Animal communication is any behavior on the part of one animal that has an effect on the current or future behaviour of another animal. The study of animal communication, sometimes called Zoosemiotics (distinguishable from anthroposemiotics, the study of human communication) has played an important part in the methodology of ethology, sociobiology, and the study ofanimal cognition. Animal communication, and indeed the understanding of the animal world in general, is a rapidly growing field, and even in the 21st century so far, many prior understandings related to diverse fields such as personal symbolic name use, animal emotions, animal culture and learning, and even sexual conduct, long thought to be well understood, have been revolutionized.
Forms of communication
The best known forms of communication involve the display of distinctive body parts, or distinctive bodily movements; often these occur in combination, so a distinctive movement acts to reveal or emphasize a distinctive body part. An example that was important in the history of ethnology was the parent Herring Gull's presentation of its bill to a chick in the nest. Like many gulls, the Herring Gull has a brightly colored bill, yellow with a red spot on the lower mandible near the tip. When it returns to the nest with food, the parent stands over its chick and taps the bill on the ground in front of it; this elicits a begging response from a hungry chick (pecking at the red spot), which stimulates the parent to regurgitate food in front of it. The complete signal therefore involves a distinctive morphological feature (body part), the red-spotted bill, and a distinctive movement (tapping towards the ground) which makes the red spot highly visible to the chick. Page 1
Interpretation of animal communication
It is important to note that whilst many gestures and actions have common, stereotypical meanings, researchers regularly seem to find that animal communication is often more complex and subtle than previously believed, and that the same gesture may have multiple distinct meanings depending on context and other behaviors. So generalizations such as "X means Y" are often, but not always accurate. For example, even a simple domestic dog's tail wag may be used in subtly different ways to convey many meanings including: * Excitement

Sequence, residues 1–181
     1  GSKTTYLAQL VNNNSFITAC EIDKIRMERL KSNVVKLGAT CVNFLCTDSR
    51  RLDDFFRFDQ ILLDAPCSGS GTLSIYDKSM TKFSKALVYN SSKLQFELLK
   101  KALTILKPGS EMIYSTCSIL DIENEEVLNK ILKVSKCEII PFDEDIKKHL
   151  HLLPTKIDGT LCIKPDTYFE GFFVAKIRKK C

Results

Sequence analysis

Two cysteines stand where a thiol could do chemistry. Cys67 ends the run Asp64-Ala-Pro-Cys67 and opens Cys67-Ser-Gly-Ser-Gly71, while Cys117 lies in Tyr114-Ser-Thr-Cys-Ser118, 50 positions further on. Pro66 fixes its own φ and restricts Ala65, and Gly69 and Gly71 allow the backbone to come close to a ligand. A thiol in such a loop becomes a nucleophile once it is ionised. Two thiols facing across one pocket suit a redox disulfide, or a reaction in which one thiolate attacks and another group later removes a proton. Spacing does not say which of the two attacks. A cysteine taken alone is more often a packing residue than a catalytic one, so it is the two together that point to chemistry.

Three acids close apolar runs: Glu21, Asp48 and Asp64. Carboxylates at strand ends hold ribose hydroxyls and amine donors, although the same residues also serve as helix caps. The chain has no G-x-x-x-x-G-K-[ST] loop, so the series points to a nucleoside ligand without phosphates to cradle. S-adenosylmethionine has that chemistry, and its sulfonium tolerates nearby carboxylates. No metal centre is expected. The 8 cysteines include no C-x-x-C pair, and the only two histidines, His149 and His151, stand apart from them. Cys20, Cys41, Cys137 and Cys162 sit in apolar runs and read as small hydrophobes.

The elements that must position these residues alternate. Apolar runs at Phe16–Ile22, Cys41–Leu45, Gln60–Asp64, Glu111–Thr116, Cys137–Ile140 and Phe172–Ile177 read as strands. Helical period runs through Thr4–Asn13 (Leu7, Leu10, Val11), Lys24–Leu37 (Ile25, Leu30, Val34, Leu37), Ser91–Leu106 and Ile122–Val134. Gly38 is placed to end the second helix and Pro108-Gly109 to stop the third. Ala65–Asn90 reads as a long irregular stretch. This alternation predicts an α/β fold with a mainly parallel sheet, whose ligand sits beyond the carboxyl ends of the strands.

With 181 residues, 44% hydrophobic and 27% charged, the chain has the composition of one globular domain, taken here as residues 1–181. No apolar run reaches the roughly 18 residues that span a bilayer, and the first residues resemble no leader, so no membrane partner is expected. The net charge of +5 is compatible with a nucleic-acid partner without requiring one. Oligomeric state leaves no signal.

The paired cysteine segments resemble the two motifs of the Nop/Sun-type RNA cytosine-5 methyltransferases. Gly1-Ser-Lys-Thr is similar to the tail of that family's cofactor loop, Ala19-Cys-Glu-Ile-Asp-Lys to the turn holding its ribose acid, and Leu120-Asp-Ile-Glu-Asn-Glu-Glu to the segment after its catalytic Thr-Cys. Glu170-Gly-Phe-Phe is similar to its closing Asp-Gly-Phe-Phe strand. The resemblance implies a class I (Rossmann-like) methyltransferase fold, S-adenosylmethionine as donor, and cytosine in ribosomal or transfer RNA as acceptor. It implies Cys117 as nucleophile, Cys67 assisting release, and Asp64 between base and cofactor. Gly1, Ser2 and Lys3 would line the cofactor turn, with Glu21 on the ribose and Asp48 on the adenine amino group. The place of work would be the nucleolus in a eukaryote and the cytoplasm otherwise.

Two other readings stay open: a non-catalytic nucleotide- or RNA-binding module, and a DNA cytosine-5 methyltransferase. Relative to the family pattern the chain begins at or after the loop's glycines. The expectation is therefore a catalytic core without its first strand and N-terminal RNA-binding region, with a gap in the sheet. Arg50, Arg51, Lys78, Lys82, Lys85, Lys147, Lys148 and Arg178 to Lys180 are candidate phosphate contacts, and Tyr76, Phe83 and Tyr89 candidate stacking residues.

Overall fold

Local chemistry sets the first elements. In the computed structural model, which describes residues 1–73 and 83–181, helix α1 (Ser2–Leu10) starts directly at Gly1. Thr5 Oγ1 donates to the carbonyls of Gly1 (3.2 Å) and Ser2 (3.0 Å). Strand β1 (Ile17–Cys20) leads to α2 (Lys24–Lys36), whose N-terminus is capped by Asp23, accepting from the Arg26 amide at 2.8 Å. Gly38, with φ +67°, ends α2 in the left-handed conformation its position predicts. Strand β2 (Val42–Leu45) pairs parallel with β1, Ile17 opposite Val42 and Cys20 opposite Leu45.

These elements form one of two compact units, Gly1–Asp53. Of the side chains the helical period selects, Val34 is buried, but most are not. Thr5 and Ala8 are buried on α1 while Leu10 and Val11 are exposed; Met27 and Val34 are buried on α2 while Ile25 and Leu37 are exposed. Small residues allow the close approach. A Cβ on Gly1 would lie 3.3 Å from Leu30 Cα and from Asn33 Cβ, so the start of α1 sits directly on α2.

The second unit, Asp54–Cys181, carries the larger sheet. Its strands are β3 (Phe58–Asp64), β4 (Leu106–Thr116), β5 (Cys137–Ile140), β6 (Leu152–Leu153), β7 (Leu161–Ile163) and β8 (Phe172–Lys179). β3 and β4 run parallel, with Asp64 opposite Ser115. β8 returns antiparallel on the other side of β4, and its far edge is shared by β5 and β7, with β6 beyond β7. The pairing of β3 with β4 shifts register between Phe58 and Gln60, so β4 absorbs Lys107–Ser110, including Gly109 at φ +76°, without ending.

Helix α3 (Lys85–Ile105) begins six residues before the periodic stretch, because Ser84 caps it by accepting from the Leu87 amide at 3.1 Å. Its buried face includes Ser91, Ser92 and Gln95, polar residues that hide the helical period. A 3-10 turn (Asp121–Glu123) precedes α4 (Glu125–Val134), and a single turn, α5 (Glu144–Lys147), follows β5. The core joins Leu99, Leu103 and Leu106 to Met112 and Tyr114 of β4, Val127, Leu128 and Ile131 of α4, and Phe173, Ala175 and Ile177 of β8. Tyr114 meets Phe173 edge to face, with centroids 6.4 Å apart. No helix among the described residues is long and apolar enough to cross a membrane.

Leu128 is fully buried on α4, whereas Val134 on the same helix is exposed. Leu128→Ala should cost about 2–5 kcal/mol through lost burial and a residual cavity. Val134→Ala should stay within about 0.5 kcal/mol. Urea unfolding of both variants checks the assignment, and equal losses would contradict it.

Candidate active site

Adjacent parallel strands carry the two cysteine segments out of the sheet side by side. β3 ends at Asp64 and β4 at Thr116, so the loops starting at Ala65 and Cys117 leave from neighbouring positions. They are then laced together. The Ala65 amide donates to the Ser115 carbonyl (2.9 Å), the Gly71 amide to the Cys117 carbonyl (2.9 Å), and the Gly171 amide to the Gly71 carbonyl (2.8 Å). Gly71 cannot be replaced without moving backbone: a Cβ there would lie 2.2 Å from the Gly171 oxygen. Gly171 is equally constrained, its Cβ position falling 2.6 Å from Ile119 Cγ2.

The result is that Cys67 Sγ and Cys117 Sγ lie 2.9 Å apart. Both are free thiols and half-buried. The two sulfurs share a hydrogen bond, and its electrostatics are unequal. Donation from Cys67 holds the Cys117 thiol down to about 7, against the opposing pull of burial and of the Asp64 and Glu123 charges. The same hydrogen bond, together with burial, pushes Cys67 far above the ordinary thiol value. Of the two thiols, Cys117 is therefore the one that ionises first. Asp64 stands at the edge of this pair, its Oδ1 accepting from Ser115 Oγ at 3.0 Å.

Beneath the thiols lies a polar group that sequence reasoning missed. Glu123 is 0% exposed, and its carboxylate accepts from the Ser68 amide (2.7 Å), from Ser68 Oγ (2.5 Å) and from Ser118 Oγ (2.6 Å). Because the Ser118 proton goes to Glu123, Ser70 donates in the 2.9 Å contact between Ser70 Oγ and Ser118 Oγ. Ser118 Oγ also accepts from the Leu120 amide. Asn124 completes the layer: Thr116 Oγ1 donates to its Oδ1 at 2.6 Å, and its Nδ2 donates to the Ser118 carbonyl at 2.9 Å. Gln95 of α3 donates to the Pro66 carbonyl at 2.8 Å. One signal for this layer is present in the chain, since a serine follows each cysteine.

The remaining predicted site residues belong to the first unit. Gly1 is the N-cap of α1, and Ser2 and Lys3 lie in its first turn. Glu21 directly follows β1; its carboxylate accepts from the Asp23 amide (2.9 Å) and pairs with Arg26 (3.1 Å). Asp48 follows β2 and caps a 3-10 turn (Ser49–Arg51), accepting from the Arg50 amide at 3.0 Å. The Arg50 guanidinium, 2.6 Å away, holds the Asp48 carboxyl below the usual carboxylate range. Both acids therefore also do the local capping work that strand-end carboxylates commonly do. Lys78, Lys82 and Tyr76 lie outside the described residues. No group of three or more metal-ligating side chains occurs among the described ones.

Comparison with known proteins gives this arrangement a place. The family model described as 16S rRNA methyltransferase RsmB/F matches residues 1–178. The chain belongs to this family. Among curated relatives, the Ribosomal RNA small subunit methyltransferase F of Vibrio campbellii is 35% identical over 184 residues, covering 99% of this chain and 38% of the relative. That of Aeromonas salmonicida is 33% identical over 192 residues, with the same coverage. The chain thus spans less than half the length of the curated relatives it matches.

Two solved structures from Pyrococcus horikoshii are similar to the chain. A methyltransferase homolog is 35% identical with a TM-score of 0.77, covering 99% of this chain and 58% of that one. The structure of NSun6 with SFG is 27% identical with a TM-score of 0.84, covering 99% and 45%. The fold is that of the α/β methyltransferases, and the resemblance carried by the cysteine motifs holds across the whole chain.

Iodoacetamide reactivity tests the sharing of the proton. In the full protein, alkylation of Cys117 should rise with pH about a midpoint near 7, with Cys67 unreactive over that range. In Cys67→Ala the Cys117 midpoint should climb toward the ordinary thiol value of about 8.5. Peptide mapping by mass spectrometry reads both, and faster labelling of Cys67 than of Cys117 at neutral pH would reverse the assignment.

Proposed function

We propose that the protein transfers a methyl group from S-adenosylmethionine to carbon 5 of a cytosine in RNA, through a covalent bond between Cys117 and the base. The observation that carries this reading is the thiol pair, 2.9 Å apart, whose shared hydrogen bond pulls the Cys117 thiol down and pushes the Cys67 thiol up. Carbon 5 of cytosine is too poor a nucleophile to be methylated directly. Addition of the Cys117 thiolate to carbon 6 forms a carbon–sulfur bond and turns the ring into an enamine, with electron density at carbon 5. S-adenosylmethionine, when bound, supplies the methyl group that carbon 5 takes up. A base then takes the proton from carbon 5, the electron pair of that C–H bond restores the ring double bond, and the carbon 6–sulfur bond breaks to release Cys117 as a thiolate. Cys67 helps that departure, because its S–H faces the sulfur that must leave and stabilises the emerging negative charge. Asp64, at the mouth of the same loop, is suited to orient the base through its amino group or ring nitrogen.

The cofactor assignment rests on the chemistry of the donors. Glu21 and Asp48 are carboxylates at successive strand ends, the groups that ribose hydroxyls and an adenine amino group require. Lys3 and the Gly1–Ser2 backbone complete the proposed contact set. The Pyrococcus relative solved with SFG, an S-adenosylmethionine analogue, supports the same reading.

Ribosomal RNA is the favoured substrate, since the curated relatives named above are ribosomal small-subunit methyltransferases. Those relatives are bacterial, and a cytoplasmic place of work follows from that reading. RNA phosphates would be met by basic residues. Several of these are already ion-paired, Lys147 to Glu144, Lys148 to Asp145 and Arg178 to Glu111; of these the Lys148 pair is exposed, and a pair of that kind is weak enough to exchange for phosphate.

* Relaxation or anxiety
* Questioning another animal or a human as to intentions
* Tentative role assessment on meeting another animal
* Reassurance ("I'm hoping to be friendly, are you?")
* Brief acknowledgement ("I hear you", or "I'm aware and responsive if you want my attention") * Statement of interest ("I want that (food/toy/activity), if you're willing") * Uncertainty/apprehension
* Submissive placation (if worried by a more dominant animal) Combined with other body language, in a specific context, many gestures such as yawns, direction of vision, and so on all convey meaning. Thus statements that a particular action "means" something should always be interpreted to mean "often means" something. As with human beings, who may smile or hug or stand a particular way for multiple reasons, many animals reuse gestures too. Page 2
THE LANGUAGE OF CROWS
What we know about crow communication.
The most obvious characteristics of the American crow are that it is big, black, and makes a lot of noise. The most obvious sound that crows make is the one written in English as caw. Caws may be long or short, loud or relatively soft, given singly or in sequences, made by one bird alone or by two or more birds under a variety of...
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